#2. “Taken at the airport in Sept before Betty left for home. George & Betty 1963”
In terms of moments of intense self-realisation tempered with desperate cliche, blubbering like a baby to the tune of Tom Petty’s Free Fallin’ while on a flight from LAX to JFK must rate fairly highly. And yet, there I was back in 2009, choking back honking sobs while choosing between the chicken or the fish (I took the chicken; it was a good choice), discussing the education system with grey nomads from Adelaide, waiting to use the increasingly festive 747 toilet. The only thing that could have tipped me further towards self-parody would have been including Talking Heads’ Once In A Lifetime on the playlist.
Well, how did I get here?
I wish I could tell you. The odd thing was, they weren’t necessarily “sad” tears - they weren’t “happy” ones, either, but bittersweet everything-including-the-kitchen-sink tears. People drone on about how “oh, you’ll prefer New York to LA”, but I didn’t listen to them. I spent two weeks more time in NYC than I did LA, but the city of broken dreams and busted sidewalks had worked some strange, Lost In Translation magic on me (even if the ‘translation’ was just “only homeless people and weirdos ride the bus”; hey, I’ll fit right in!).
A good chunk of the music that has had the biggest cultural impact on me has emerged from LA, whether it’s the Laurel Canyon scene, or Warren Zevon, or the Sunset Strip, so on some level it makes sense that to finally - and I mean finally, like after a good 18 years of planning to get there - be in the same country, if not the same Zip Code, as all these places that were previously just mysterious lyrical cues would be slightly emotionally overwhelming.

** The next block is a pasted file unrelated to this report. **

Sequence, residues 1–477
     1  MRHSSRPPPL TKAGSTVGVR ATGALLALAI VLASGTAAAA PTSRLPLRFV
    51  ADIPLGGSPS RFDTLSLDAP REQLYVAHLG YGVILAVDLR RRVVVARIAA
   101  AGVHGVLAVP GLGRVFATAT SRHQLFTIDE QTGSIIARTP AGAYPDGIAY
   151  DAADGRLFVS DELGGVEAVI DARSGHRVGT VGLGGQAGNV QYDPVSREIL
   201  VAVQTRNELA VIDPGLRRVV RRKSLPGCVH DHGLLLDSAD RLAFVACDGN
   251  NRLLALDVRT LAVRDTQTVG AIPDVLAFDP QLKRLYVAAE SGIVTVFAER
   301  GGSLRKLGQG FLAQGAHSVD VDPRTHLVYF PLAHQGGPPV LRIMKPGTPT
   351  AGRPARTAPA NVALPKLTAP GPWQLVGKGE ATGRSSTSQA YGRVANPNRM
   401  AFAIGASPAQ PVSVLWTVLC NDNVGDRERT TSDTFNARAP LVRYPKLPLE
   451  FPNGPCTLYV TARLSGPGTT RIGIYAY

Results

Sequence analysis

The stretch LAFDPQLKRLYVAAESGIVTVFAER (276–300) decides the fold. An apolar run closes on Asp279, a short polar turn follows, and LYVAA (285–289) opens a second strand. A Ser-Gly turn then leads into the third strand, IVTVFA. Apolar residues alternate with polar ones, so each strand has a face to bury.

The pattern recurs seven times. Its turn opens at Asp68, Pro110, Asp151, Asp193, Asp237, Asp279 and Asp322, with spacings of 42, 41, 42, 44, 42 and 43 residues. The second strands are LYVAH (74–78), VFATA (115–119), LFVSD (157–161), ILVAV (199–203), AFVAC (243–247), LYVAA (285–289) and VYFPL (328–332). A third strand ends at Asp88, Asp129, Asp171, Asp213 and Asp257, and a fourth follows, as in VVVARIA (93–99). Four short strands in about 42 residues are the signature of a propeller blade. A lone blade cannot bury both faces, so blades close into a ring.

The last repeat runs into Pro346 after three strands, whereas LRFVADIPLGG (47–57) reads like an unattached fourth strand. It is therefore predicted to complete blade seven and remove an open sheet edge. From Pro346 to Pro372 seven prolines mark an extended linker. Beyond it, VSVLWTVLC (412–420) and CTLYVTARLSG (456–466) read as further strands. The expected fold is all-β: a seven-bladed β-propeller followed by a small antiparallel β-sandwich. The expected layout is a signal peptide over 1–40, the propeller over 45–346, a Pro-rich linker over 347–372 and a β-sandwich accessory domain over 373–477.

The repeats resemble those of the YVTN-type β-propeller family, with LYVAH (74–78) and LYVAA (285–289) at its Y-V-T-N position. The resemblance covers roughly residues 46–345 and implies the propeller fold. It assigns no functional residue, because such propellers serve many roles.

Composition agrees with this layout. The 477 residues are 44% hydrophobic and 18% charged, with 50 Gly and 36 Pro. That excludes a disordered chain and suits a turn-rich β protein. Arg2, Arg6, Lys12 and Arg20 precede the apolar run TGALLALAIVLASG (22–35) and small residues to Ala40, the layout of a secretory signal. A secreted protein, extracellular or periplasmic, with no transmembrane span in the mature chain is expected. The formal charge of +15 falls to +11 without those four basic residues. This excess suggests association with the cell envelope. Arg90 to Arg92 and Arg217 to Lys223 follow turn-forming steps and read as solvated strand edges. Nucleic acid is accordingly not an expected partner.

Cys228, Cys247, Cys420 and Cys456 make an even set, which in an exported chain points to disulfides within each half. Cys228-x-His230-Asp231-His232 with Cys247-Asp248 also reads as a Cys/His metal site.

Perhaps it’s just Petty’s singular summation of the Los Angelean raison d’etre (even if I didn’t get to glide down over Mulholland while I was in town, and instead spent most of my time sloshing through rain puddles on Highland) that made the song such a candidate for ‘Repeat: One’ status. It could be simply written off as mid-travel blues, though by that token any song could’ve brought on the tears, and the thought of bawling to Cotton-Eyed Joe or Hammer Smashed Face mid-flight doesn’t really have the same poetic effect, does it?
I’ve been back to LA two times since then - once a year - and little has changed (I still walk everywhere), though I don’t listen to as much Tom Petty these days. This trip, thanks to the glories of cable, has mostly been soundtracked by John Powell’s How To Train Your Dragon score.
That score, with its moments of elegiac, Vaughan Williams-esque longing and surging melody, perfectly captured the thrill of flying (or, at least, what one imagines would be thrilling about flying on your own dragon). And, as such, it feels like a good fit for my return journey, which I’m sure I don’t have to tell you I’m not particularly thrilled about.
“Home” feels different now. The more I’ve got to know America, and in particular California, the more I feel like the home leg of the journey is the one from MEL to LAX. The first time I arrived in LA, I felt like I’d come home - but not in a grand, existential way, more a mundane, “I should get some milk on the way home” kind of way. I feel at ease in America in a way I never have in Australia.
The only thing keeping the sorrow at bay today is the promise of flying back to Melbourne on the Airbus A-380, a beautiful bird if ever there was one.
It never ceases to amaze me how blase people have become about air travel. When I flew to San Francisco on this trip, they had wi-fi on the plane: I was on the internet at 30,000 feet. The internet! When we began our descent to SFO, the pilot told us to look out the right-hand windows, as ATC had allowed - due to the fog clearing - two planes to approach at once; a rare occurrence. Most other people returned to their magazines, but I was thrilled. I may have even said “Whee!”
I used to look longingly down the aisle to catch a glimpse of first class, but the more I think about it, the more I think of air travel as a great leveller. Yes, some people get a better dinner and don’t have to use plastic cutlery, and they can lie down, and so on - but no matter how rich you get, nothing makes the plane go faster. We all have to marinate in the same recycled air in the same metal tube, as we hurtle across oceans and plains and mountain ranges.
And maybe when we get to where we’re going, we’ll discover the city we thought we loved isn’t all it’s cracked up to be, and fall in love with somewhere completely different.
And maybe we’ll do it to the tune of Tom Petty.
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